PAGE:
[updated: Sep 30th, 2018 | Cleaned up script, and references “perfect” plugin update system]
NOTE: Please checkout my “perfect” WordPress plugin update solution: http://blog.vpetkov.net/2018/09/30/easy-fully-automated-wordpress-plugin-update-system
When you host your own WordPress installation, and there is some sort of an update about every month or so, it can quickly get very annoying doing all the upgrade steps manually (for the people who do not have a CPANEL or FTP account). Now imagine hosting 5-6 WordPress installations. Now imagine 100+. Welcome to my nightmare. Eventually I caved in and wrote this:
# This strictly follow the directions mentioned above.
# Utilizes: "rm", "cp", "mv", "wget", "unzip"
/bin/rm -Rf latest.zip
/usr/bin/unzip -q latest.zip
# Remove outdated CURRENT_BLOG files per instructions
/bin/rm -Rf wp-includes wp-admin
# Copy TEMP_NEW files per instructions
/bin/cp -Rf wp-includes $CURRENT_BLOG/.
/bin/cp -Rf wp-admin $CURRENT_BLOG/.
/bin/cp -Rf * $CURRENT_BLOG/wp-content/.
/bin/mv *.php $CURRENT_BLOG/.
/bin/mv readme.html $CURRENT_BLOG/.
/bin/mv license.txt $CURRENT_BLOG/.
# Cleanup TEMP_NEW - remove extraction and download.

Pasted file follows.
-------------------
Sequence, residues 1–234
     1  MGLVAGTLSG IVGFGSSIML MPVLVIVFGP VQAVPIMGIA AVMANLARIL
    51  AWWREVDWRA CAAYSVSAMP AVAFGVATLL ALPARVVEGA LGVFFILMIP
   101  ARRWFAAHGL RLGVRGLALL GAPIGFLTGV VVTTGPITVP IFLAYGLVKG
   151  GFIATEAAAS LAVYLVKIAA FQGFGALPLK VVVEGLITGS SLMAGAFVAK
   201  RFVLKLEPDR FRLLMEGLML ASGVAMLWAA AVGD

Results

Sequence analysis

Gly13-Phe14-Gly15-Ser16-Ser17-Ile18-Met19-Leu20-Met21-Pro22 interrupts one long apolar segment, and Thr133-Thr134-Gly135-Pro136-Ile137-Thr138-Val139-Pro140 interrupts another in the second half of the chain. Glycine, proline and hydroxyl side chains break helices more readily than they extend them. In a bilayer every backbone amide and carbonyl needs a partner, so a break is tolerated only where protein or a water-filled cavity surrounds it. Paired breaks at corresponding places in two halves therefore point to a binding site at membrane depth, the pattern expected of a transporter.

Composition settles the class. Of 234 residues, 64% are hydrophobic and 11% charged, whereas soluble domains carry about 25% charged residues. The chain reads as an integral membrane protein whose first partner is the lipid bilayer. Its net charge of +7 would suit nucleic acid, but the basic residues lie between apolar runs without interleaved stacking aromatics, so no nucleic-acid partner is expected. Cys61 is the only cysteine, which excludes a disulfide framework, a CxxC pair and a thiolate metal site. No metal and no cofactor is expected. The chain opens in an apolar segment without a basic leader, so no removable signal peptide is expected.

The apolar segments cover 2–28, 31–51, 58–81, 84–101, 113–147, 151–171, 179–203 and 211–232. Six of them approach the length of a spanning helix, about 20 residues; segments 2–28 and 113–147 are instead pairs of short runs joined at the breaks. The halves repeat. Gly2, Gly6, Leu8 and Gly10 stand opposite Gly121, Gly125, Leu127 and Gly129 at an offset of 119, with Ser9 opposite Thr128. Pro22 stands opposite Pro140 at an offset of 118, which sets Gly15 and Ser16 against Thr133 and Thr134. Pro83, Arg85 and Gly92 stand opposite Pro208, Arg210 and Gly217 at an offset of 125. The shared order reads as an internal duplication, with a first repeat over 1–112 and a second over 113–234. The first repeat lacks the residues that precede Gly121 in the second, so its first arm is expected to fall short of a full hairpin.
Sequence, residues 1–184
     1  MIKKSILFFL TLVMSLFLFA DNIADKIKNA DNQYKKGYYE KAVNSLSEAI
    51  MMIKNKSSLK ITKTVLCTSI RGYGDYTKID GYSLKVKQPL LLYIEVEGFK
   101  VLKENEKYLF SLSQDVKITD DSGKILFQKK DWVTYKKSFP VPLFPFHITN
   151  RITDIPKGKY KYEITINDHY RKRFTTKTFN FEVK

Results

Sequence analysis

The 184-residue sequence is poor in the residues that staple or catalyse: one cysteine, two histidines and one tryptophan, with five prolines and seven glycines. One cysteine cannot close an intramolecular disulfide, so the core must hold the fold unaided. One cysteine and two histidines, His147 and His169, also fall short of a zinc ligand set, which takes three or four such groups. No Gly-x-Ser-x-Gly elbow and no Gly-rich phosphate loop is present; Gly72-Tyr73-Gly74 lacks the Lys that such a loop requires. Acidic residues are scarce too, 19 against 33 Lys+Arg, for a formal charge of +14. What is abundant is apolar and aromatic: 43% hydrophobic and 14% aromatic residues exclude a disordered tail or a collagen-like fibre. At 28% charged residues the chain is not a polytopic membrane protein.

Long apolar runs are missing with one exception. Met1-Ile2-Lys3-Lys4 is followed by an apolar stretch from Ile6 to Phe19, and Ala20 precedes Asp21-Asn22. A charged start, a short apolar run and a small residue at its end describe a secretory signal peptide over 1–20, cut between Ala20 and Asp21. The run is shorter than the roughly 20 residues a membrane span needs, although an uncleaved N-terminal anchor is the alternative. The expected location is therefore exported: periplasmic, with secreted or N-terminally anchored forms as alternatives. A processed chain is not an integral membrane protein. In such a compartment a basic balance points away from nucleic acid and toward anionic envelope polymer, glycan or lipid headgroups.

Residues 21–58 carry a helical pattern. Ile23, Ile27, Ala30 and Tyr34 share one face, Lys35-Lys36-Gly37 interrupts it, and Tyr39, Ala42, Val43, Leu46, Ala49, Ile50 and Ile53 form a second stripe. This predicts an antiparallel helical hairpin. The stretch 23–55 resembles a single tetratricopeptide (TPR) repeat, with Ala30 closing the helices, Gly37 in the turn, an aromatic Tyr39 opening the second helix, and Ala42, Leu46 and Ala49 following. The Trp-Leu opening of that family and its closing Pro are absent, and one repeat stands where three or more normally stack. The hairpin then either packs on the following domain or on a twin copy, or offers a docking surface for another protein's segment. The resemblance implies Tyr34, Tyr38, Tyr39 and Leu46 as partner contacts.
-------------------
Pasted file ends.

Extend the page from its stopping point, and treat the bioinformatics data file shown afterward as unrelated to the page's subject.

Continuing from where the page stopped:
/bin/rm -Rf wordpress latest.zip
echo "go to: http://$FQDN/wp-admin/upgrade.php"
So, to summarize, this will download the latest version of wordpress, unzip it, and move the new files accordingly.
At the end, it will remind you to “upgrade” your DB, just in case there is an upgrade. I highly suggest backing up your primary blog before you begin this, just because it’s the “safe thing” to do.
That said, in the 10+ years I’ve used this (started long before I posted something here) – I’ve never had anything go wrong!
Thanks, this is great!
Can you clarify what the $NEW and $OLD variables represent? I think $OLD is the location of your wordpress installation, and $NEW is a temporary folder where the wordpress distribution is unpacked, right? And $HOME is the folder that the wordpress distribution is downloaded to?
Hey, $OLD (poor choice for a variable name) is the “full current blog path”. It builds on $HOME. For example, something like $HOME=/var/www and $OLD would be $HOME/myblog. The $NEW variable is a temporary folder where the new wordpress is unpacked yes. I will fix these with something that makes more sense, and update it in Git and on my blog. Thanks for pointing this out.
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